Nacho Vigalondo’s Colossal isn’t the fun, kaiju-infused romp much of its marketing presented it to be. It isn’t a light-hearted story about friends getting together. Not even slightly. It also isn’t a monster movie—at least not in the way viewers will likely expect it to be. But it is undoubtedly worth watching.
The setup for Colossal is fairly straightforward. Gloria (Anne Hathaway) is a former online journalist who’s been unemployed for a year and consistently turning to alcohol and poor decision making to get by. Her understandably frustrated boyfriend Tim (Dan Stevens) can’t put up with her any longer, so she finds her way, broke and alone, back to her parents’ house in her old hometown. She meets up with old friend Oscar (Jason Sudeikis) and his friends Joel (Austin Stowell) and Garth (Tim Blake Nelson), and does her best to get back on her feet—and her best isn’t exactly good.
Oh yeah. She also discovers that the kaiju monster making its way through Seoul night after night is an extension of herself in a playground. Because of course it is.
Colossal‘s central conceit might sound ridiculous—it is ridiculous—but it absolutely works. It works well when it’s a slightly confusing wrinkle in Gloria’s already complicated life, but it works even better when it’s an impossibly important responsibility for Gloria as the fun of showing up as a giant monster halfway across the world gives way to emotional burden following her accidental killing of countless citizens of Seoul.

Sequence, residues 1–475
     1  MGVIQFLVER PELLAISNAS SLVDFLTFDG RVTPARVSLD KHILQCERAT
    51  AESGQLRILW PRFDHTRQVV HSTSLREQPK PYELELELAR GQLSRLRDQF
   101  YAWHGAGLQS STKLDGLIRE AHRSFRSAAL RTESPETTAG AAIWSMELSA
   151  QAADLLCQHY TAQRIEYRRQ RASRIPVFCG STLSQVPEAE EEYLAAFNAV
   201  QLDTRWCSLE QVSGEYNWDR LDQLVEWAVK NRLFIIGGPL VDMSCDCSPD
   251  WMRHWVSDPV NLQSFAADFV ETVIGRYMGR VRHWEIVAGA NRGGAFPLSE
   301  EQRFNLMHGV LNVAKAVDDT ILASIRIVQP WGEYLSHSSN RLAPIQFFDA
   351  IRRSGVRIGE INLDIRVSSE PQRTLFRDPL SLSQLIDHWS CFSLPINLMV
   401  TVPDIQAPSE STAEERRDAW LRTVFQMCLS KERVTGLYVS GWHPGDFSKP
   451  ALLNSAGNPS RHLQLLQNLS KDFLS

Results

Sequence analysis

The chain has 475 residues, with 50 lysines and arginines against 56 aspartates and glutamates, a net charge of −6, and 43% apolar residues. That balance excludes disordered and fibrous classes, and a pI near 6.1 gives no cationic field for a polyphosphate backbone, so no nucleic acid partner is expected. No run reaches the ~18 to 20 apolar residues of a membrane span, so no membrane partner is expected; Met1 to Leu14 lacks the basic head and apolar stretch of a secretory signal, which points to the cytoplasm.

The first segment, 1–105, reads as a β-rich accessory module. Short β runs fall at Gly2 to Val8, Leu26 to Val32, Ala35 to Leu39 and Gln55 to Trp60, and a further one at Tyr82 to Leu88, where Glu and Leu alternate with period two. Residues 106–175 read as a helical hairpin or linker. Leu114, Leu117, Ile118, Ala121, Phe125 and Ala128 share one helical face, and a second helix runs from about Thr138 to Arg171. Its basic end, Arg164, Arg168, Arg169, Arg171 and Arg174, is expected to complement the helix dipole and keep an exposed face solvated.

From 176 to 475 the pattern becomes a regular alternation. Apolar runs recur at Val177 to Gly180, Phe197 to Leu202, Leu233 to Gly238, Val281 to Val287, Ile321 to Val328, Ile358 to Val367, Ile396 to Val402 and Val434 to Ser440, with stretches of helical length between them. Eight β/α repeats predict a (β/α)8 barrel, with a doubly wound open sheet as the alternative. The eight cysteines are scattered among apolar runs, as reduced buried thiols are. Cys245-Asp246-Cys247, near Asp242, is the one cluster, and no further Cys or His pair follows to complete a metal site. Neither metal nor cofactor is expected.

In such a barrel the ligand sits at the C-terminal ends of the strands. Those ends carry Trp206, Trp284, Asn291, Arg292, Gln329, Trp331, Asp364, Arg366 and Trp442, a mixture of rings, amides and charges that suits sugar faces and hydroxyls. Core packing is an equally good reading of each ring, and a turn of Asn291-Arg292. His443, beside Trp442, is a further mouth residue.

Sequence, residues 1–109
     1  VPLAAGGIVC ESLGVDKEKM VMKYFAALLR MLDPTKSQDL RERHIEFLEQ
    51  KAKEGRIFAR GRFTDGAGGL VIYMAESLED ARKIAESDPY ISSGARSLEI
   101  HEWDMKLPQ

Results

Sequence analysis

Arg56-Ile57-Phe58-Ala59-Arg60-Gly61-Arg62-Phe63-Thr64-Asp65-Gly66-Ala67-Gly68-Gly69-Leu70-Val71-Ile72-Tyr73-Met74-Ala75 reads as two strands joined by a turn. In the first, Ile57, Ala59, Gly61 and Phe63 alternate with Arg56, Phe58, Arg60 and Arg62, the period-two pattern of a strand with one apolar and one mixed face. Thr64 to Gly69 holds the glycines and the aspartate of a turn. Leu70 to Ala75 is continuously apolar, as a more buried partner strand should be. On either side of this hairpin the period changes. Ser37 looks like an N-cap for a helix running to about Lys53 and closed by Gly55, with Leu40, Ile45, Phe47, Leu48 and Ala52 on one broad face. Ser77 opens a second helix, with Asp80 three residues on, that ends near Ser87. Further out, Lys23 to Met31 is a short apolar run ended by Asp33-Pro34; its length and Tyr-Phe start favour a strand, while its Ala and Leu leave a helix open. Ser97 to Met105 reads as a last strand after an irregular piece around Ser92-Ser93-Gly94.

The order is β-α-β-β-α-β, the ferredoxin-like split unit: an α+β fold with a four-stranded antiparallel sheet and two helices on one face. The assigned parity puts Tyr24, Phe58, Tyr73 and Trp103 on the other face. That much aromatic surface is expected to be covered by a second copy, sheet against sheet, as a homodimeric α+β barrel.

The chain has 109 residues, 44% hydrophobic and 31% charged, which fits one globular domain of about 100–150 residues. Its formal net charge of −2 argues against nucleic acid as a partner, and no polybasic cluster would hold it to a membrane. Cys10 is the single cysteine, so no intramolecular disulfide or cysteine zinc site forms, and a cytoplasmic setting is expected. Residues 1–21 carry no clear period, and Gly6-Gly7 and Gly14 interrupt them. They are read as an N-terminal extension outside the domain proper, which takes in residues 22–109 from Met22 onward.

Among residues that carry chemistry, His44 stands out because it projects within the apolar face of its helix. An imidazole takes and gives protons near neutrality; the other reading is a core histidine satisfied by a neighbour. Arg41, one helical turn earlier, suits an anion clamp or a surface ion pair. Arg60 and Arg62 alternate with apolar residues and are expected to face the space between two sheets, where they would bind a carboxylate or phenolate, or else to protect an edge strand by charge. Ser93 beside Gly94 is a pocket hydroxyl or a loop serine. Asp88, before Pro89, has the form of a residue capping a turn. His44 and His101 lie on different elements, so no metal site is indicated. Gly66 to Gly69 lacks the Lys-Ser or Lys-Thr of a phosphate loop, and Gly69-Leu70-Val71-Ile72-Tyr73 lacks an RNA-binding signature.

Gloria has a lot to deal with in Colossal, much of it existing outside of her grief-inducing ability/burden—particularly in the form of her three key relationships in the film. Tim wants Gloria to get her life together, but he can’t help her do it. That would be cool if he didn’t also insist on being part of it, to the point that he eventually tries to rescue Gloria. Oscar has some serious nice guy syndrome, and Joel is basically a kid whose every action is inspired by the initial actions of either Gloria or Oscar. All of her relationships suck in their own unique ways, and Gloria slowly begins to find herself both inside them and out as the movie takes her deeper into its premise.
At the start, Gloria’s the kind of woman who’s such a mess that she can’t even properly blow up an air mattress as she stumbles (physically and emotionally) through her hometown. She lost sight of herself and her identity long before Colossal starts, and caring about anything is beyond her.
Colossal is, front and center, about abuse. There are some real monsters on display here, but the Seoul-crushing (I’m sorry) kaiju controlled by Gloria isn’t even close to the worst of them. It’s in this way, and in the fact that the characters are more important than the giant beings they control, that Colossal works best. Anchored by a tremendous, heartbreaking performance from Anne Hathaway, Colossal becomes more than the sum of its parts—which it needs to do.
The movie’s premise is unique and genre-defying, and its performances, particularly from Hathaway and Sudeikis, do their best to elevate it farther, but much of it only barely works. Much of Colossal’s plot seems to unfold simply because Vigalondo wanted and needed the events to happen, and Oscar’s fireworks rant/show works far better as a character-defining moment than as a coherent element of the film’s story. Even still, this is a movie that shouldn’t be missed.
Colossal is not the movie many viewers will likely expect it to be, and it’s better off for it. Anyone willing to come for the fun kaiju movie and stick around for the meditation on abusive relationships and mental health will find something special here, even if the elements surrounding its strange, unique central conceit aren’t as strong as that conceit itself.
Colossal, written and directed by Nacho Vigalondo, stars Anne Hathaway, Jason Sudeikis, and Dan Stevens. It’s available pretty much everywhere now.